And what about Paris? Orlando? Should people die because they're homosexual? What about Istanbul? Americans always focus on terrible events inside our own country, but lives -- and deaths -- everywhere are the concern of all of us. Indians like to say 'walk a mile in our moccasins.' I guess we need to think about that long and hard. It can be easiest to view events from our own perspectives, whatever that might be. It's harder to try and see things as others do -- especially if those others are really different from us. Give peace a chance. We've been saying that since I was a kid -- back when we started wearing peace symbols around our necks and on our clothes. We flashed the peace symbol with our fingers. We said the word 'peace' all the time. We handed people flowers. Some of us put flowers into the barrels of guns. No, it's NOT easy to love others. Even if you're like me and you do have a large circle of people that you love, there's always going to be those people you're reluctant to know, much less try to love. But we need to try. Maybe trying is the most important part, really. Making an effort to get to know others. Especially people who differ from us. Giving peace a chance means learning to at least LIKE others.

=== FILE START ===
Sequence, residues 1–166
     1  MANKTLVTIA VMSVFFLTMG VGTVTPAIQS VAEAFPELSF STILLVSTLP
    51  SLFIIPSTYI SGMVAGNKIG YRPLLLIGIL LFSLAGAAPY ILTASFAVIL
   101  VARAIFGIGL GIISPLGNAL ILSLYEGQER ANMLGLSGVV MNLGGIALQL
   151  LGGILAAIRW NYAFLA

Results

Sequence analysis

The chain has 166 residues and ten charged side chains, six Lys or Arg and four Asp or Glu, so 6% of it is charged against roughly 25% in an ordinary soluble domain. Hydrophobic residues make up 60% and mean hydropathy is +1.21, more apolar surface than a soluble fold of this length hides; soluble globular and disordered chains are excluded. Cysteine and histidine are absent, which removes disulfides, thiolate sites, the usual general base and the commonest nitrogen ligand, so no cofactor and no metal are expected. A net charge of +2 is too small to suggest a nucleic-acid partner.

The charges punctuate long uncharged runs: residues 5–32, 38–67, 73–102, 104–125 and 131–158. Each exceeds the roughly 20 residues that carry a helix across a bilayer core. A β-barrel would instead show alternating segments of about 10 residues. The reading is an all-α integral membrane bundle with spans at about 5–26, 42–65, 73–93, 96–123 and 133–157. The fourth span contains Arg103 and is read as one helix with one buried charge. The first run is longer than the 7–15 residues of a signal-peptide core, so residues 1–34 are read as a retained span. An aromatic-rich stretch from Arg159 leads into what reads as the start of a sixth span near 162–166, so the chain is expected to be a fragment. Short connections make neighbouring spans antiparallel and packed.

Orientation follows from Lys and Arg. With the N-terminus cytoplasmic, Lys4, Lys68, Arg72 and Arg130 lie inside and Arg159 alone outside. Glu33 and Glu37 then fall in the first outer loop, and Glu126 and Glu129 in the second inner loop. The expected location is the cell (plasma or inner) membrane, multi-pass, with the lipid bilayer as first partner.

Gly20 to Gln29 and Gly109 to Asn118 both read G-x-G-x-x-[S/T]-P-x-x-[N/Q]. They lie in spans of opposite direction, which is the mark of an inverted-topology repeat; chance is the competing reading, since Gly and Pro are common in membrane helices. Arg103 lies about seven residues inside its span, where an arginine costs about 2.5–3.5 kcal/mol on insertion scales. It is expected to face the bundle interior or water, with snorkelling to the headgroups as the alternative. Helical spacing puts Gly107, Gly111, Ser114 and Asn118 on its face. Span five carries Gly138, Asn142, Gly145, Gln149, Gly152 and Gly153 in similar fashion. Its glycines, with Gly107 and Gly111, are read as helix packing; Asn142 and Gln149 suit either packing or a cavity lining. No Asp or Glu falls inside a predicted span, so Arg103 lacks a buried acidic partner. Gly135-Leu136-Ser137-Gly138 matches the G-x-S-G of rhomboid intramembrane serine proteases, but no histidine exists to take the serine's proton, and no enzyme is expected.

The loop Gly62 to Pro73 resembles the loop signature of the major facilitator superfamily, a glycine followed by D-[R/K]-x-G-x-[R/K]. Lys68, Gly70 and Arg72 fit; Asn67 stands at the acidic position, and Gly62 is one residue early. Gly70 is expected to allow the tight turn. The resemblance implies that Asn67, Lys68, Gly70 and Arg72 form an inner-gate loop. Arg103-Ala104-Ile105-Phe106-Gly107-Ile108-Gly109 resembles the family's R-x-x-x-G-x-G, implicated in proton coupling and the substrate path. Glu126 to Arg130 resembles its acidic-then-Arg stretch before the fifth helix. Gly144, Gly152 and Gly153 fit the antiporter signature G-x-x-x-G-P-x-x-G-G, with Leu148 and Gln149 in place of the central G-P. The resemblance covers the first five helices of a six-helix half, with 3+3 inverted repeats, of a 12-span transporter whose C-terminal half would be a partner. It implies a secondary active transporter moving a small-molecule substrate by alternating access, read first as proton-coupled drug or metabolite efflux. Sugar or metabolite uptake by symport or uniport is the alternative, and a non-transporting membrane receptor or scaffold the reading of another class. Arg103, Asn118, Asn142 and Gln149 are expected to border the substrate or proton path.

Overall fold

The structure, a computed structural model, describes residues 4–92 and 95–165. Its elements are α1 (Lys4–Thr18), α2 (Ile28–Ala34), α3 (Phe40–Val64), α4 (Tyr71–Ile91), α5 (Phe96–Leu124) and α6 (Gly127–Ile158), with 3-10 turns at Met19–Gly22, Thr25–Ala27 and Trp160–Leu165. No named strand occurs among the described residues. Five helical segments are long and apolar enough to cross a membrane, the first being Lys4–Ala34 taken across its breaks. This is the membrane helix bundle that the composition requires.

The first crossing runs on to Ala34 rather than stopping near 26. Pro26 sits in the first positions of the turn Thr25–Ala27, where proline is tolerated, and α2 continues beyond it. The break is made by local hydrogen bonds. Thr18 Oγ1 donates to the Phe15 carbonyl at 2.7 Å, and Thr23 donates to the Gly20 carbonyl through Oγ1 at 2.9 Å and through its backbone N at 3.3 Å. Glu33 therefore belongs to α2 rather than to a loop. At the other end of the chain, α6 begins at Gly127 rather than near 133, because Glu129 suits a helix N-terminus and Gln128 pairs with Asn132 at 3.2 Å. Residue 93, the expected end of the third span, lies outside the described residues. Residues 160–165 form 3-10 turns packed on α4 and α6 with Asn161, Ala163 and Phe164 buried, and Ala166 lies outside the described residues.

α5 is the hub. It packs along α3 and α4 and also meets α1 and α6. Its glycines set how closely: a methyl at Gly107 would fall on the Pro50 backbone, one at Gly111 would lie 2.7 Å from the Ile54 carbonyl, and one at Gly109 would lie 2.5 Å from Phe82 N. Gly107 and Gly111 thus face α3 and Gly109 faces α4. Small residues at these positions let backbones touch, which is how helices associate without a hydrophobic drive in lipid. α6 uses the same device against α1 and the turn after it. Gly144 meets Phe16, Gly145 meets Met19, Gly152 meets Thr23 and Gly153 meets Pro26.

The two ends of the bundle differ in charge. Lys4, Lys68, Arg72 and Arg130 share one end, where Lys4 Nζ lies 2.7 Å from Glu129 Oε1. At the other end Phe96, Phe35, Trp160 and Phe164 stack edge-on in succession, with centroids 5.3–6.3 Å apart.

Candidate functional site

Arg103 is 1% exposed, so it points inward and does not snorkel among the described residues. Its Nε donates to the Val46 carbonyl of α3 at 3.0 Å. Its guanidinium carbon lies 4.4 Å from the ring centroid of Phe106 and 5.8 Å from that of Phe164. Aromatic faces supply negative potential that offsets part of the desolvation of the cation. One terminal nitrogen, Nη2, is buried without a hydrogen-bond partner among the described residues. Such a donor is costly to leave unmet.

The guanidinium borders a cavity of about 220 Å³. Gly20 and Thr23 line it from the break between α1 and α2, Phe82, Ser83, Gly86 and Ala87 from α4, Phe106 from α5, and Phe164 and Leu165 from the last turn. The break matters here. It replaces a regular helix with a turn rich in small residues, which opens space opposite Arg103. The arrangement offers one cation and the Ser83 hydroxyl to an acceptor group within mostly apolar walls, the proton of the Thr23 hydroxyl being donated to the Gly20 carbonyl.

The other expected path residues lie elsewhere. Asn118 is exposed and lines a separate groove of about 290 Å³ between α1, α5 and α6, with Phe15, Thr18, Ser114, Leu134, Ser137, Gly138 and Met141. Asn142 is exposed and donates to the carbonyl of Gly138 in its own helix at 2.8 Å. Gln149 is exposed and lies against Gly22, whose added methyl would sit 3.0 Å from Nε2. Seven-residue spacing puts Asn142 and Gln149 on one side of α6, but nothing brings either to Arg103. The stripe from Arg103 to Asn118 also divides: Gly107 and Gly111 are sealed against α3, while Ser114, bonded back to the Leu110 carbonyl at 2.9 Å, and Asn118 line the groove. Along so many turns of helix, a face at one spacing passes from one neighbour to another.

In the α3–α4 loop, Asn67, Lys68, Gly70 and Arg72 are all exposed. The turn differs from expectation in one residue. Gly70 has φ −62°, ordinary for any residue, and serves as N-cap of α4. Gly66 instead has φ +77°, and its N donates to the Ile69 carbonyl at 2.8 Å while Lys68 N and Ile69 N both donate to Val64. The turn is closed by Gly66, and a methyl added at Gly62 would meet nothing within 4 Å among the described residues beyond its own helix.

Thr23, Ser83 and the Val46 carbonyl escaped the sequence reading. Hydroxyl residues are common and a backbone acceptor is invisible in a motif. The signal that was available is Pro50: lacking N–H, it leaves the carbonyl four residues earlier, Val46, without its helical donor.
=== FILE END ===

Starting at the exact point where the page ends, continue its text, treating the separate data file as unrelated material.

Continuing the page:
I'm going to try harder to be kind to those around me. That's the first step, I think. Small gestures of kindness to others. To everybody we encounter during the day. Not making a nasty crack about some bad driver who cuts us off in traffic. Not being rude to our waiter or waitress. Not being impatient with the checker at the store. Greeting our neighbors and those who walk down the street. Listening to others when they talk to us and giving them a chance to share their thoughts.